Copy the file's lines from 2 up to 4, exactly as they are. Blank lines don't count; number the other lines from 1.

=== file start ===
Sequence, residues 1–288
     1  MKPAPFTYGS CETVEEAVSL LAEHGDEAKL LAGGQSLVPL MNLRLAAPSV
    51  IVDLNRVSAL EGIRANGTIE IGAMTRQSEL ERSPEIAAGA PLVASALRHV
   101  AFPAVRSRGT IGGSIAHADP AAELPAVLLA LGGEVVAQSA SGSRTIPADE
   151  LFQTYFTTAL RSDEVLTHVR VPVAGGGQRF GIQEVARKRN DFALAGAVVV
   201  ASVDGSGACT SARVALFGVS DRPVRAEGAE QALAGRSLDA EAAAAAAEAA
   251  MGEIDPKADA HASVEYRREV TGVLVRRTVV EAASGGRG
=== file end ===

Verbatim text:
     1  MKPAPFTYGS CETVEEAVSL LAEHGDEAKL LAGGQSLVPL MNLRLAAPSV
    51  IVDLNRVSAL EGIRANGTIE IGAMTRQSEL ERSPEIAAGA PLVASALRHV
   101  AFPAVRSRGT IGGSIAHADP AAELPAVLLA LGGEVVAQSA SGSRTIPADE